“You think of it as just ‘people stuff,’ as something soft and optional you can take care of in between other things,” he says. He was wrong to hold this view. His belief now: “HR is a science. The practice of it is a skill.”

Far more companies need HR than are aware of it, he believes. The need comes down to this basic disconnect: Managers, and owners in particular, delude themselves that employees can freely talk to them. The risk of being forthright and candid with the boss is too great. An HR professional addresses this by being a safe intermediary. Employees can share concerns. The employee’s view might be flawed or incomplete, in which case the HR person can respond accordingly and no harm is done to the employee’s stature. On the other hand, the HR person also has a direct line to management and can convey concerns, perhaps anonymously, as a way to aid management in finding solutions.

This level of attention to the performance of a key resource arguably is simply equivalent to the level of attention that, say, the performance of the machine tools also receives.

Mr. Cremin says much of Ms. Toth’s day-to-day work is fluid because people and their concerns are fluid. However, there are three major areas in which she plays a consistent role: hiring, retention and compliance. During hiring, she helps Straton clearly define the needs of the open job position and vet candidates according to these needs. To aid with keeping and developing current employees, she helps individual staff members define career paths within the company and find the training opportunities in line with these aims. This entails identifying the senior employees who have the desire and ability to serve as mentors; not every experienced person welcomes this role. Finally, she provides guidance in complying with not just the legal requirements of employment but the ethical ones as well. Complying with the Family and Medical Leave Act is an example of one type of concern, while ensuring complete fairness in the steps taken to deal with an under-performing employee is another. Straton wants to do both.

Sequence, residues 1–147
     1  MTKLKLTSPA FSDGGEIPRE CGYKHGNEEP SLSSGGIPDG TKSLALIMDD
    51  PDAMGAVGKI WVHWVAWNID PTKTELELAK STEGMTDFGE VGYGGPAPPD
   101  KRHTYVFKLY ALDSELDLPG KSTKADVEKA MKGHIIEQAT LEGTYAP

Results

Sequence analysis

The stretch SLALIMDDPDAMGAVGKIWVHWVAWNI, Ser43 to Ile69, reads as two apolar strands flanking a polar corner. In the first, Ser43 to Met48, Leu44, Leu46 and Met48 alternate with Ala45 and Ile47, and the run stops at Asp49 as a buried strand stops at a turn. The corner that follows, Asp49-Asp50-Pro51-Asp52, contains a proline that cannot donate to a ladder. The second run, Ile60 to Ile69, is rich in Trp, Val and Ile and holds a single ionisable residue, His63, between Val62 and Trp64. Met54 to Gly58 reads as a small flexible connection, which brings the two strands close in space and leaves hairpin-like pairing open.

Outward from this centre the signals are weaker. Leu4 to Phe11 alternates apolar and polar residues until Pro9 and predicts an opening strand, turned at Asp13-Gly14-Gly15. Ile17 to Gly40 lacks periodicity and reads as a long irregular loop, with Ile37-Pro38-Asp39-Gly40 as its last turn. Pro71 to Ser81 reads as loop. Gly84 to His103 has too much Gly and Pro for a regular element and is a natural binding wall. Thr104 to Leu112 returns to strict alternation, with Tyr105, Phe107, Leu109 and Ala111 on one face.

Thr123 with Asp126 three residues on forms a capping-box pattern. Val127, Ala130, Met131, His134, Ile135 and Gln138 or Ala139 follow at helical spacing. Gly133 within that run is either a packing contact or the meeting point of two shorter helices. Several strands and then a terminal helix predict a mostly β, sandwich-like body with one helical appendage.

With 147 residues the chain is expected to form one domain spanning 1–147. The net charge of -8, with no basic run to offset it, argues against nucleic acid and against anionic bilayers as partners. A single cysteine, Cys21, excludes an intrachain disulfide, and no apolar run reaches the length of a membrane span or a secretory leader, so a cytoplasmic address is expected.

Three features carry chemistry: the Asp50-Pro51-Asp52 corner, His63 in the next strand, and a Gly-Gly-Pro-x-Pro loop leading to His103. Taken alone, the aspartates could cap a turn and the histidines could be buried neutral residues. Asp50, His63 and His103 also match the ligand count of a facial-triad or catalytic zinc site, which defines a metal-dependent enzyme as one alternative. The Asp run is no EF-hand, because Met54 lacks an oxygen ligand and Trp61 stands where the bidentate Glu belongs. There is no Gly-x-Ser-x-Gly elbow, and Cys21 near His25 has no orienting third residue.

Mr. Cremin has simple advice for other small manufacturers that suspect they might also need HR help. “If necessary, try it part-time,” he says. Shop owners are understandably reluctant to invest in a resource that does not deliver demonstrable payback in the way a piece of capital equipment does. Hiring an HR person part-time is a reasonable compromise, and it is far better than doing without this role entirely. The part-time approach is where he started, though it wasn’t where he stayed.

In hiring Ms. Toth, Mr. Cremin wasn’t delegating. He wasn’t making his own attention to employees less. He sees this now, and it represents another insight that has come from the company’s HR investment. The amount of time and attention he gives to personnel-related issues has only increased as Ms. Toth has grown into her role. This is because she shows him clearly what issues he needs to focus on. One of the major revelations of adding HR attention to the team is discovering just how sorely this need was going overlooked.